Mallet Finger Overview

Mallet Finger Overview

Mallet's finger is when the tendon that straightens your finger gets damaged and deforms the finger. If you suffer from a mallet finger, there is a lot of pain, but some people experience no discomfort. Treatments for mallet fingers may be as easy as using a splint or as extensive as surgery. This injury guide will discover how to recognize mallet fingers and various treatment options.

What is Mallet Finger?

Also referred to as "baseball finger," the condition is described as a deformity within the finger that stops you from straightening the tip of your finger (known in the DIP joint, also known as the distal joint, or DIP joint). As a result, the tendon responsible for straightening the tip of the finger gets damaged, which causes the finger's tip joint to lie in an unbending position (flexion).

The extensor tendons are in charge of straightening fingers as well as thumbs. When a mallet injures a finger, the force of the blow to the point of the finger can cause the tendons to break. The tendon can tear or pull, causing lots of pain.

The dominant hand's middle three fingers are most susceptible to injuries to the mallet, typically caused by sports or other physical actions.

Mallet Finger vs. Trigger Finger

They frequently need clarification because they both require trouble straightening their fingers. Let's take a look at the differences between them:

Trigger Finger

The cause is inflammation of the sheaths of the flexors' tendons that bend fingers, which can cause entrapment or catching sensation. The entire finger could become "stuck" in the bent position. Instead, it is often forced into a wide opening with a click.

Mallet Finger

The finger is struck by an object, which causes injury to the tendon that extends the fingers. The finger's tip is still flexible but cannot develop fully at the point (known as the distal phalanx).

What is the difference between the swan neck deformity? The finger affected is damaged connective tissue on the proximal interphalangeal joints (PIP), also known as the middle joint. It results in an extension that rests the joint.

Mallet Finger Causes

Mallet fingers can be caused by injuries to the tendon of the extensor, which is usually the result of severe impact. The most frequent mallet finger causes are:

Athletic Injury

Most likely, the most prevalent cause of a mallet finger deformity is that any sport involving the ball can put the player at risk of injury. Football, basketball, and volleyball players are often afflicted with mallet fingers.

Work Injury

Physical labor, usually as a result of construction work or warehouse work, could result in a mallet finger injury. In addition, a crushing injury sustained during work can seriously damage the finger, making recovery problematic.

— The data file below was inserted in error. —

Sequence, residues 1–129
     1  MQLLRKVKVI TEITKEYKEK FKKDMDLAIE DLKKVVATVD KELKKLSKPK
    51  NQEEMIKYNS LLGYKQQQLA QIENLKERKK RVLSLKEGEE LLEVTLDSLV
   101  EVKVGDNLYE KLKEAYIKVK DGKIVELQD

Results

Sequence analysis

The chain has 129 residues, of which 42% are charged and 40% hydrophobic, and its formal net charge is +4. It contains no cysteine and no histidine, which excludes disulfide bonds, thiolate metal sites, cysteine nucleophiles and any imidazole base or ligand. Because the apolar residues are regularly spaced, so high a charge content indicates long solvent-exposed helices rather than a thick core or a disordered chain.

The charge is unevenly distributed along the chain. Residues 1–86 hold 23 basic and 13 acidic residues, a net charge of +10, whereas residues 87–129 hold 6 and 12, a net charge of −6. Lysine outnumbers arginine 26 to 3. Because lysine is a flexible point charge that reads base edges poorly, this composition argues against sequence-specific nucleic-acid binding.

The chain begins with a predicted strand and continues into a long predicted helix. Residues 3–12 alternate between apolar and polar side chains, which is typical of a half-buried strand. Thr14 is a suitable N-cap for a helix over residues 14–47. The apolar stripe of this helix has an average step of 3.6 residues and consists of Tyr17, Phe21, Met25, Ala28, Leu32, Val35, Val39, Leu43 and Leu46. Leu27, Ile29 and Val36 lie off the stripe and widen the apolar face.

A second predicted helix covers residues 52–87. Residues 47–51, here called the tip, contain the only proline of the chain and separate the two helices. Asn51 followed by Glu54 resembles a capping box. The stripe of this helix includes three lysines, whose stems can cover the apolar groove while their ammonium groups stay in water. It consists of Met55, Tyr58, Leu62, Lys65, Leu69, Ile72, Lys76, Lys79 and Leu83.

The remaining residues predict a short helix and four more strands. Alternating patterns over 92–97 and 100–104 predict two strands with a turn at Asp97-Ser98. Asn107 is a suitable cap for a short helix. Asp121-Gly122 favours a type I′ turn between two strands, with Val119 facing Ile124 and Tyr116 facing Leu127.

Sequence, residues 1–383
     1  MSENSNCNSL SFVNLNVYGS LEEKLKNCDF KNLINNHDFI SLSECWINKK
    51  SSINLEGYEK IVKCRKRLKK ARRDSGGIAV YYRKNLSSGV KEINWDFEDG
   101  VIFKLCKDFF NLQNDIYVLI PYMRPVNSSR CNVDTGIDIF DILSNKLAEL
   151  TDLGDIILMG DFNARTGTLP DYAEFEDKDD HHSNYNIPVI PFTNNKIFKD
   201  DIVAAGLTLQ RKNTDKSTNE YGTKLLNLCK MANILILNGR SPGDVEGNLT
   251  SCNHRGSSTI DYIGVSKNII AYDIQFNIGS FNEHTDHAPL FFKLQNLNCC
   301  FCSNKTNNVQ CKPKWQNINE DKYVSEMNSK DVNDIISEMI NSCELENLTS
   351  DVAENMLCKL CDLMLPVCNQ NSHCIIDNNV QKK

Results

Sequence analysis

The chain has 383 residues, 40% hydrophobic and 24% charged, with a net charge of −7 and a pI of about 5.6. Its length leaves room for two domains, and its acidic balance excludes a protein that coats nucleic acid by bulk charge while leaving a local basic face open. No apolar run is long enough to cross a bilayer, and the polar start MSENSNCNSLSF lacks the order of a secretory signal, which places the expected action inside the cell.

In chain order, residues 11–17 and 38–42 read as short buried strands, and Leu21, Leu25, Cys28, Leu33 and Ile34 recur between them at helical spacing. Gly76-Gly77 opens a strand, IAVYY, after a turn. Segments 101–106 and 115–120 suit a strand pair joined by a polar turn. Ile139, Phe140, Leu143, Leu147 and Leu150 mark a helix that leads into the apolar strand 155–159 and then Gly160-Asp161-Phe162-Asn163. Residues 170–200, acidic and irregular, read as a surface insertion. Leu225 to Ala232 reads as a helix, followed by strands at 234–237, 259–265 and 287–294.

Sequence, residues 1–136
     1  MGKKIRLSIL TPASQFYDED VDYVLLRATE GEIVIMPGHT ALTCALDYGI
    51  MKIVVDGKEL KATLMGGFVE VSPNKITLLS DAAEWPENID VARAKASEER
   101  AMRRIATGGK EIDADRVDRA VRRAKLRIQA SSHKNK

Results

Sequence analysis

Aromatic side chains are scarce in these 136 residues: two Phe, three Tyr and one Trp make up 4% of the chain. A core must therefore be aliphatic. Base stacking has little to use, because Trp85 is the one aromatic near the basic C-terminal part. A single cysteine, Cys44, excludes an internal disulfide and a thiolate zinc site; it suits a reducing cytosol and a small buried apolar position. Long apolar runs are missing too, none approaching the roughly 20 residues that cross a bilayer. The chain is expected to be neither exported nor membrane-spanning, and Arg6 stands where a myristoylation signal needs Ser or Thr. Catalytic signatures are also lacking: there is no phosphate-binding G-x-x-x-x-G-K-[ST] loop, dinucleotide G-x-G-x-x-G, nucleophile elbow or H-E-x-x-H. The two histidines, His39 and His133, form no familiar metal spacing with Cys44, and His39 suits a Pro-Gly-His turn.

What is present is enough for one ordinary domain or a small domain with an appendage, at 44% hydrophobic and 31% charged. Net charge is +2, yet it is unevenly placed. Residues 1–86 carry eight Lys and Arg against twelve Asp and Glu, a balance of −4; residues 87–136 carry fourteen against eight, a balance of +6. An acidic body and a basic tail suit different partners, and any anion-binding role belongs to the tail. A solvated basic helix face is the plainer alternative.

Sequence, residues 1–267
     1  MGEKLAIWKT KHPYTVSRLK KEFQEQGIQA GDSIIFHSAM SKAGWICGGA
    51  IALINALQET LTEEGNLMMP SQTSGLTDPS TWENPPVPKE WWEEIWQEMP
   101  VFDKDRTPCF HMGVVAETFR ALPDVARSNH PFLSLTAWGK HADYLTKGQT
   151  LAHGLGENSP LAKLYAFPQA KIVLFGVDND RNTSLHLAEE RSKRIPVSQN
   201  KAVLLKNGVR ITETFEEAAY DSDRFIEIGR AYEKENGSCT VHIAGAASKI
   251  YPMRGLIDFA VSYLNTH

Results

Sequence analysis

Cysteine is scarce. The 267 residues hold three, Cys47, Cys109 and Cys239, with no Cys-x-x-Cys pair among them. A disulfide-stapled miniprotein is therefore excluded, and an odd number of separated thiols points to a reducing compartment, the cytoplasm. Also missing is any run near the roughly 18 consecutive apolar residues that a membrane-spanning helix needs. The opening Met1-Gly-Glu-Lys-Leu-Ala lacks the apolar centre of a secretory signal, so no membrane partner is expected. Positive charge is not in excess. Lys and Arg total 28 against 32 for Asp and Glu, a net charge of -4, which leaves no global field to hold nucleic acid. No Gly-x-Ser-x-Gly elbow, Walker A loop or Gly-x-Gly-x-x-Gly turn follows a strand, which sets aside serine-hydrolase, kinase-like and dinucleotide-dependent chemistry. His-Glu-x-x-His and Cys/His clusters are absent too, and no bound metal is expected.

Mallet Finger Classification

Four types of injuries could be experienced.

    • It is a damaged tendon with no bone injury or open wound.
    • The fracture is small (known as an Avulsion fracture) and a ruptured tendon caused by the injury caused by an open wound.
    • Deep wound that is characterized by significant tendon damage or bone fragments (pieces made of bone)
    • The fracture is a large and ruptured tendon, bony mallet fingers, or mallet fracture. It results in a deformity of the finger.

Mallet Finger Symptoms

The most common symptoms associated with mallet finger include :

  • Redness
  • Swelling
  • Tenderness
  • Bruising
  • Pain
  • The inability to straighten the tip of the fingers (finger slide) in the absence of assistance from the other hand

.While the condition is typically easy to treat, there are a few troubling signs to watch out for. They are:

  • The nail is removed from the nail bed
  • Blood under the nail
  • Swollen or painful, it can be severe.
  • The suspicion of a bone fracture of the finger

Mallet Finger Treatment

The treatment for a mallet finger depends on the severity of the injury. Mild cases may only require splinting for a few weeks. More severe cases may require surgery to repair the torn tendon.

Cold Therapy

Cold therapy can be a helpful adjunct treatment for mallet fingers. It can help to reduce pain, inflammation, and swelling.

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    The SACKSY THYME Cold Therapy pack has been specifically designed to provide targeted relief for hand injuries, including mallet finger. It is made with high-quality materials that are both durable and comfortable to wear, so you can use it for extended periods without discomfort. The pack is easy to use, simply place it in the freezer for a few hours and then apply it directly to the injured area.

    To apply cold therapy to your mallet finger, follow these steps:

    1. Wrap the cold pack in a thin towel.
    2. Apply the cold pack to the affected finger for 20 minutes daily.
    3. Be sure to take a break every 20 minutes to avoid damaging your skin.

    You can also use a cold compress to apply cold therapy to your mallet finger. Soak a washcloth in cold water to make a cold compress and then wring it out. Apply the cold compress to the affected finger for 20 minutes, several times daily.

    Cold therapy is safe for most people, but it is important to talk to your doctor if you have any concerns before using it.

    Here are some additional tips for using cold therapy for mallet finger: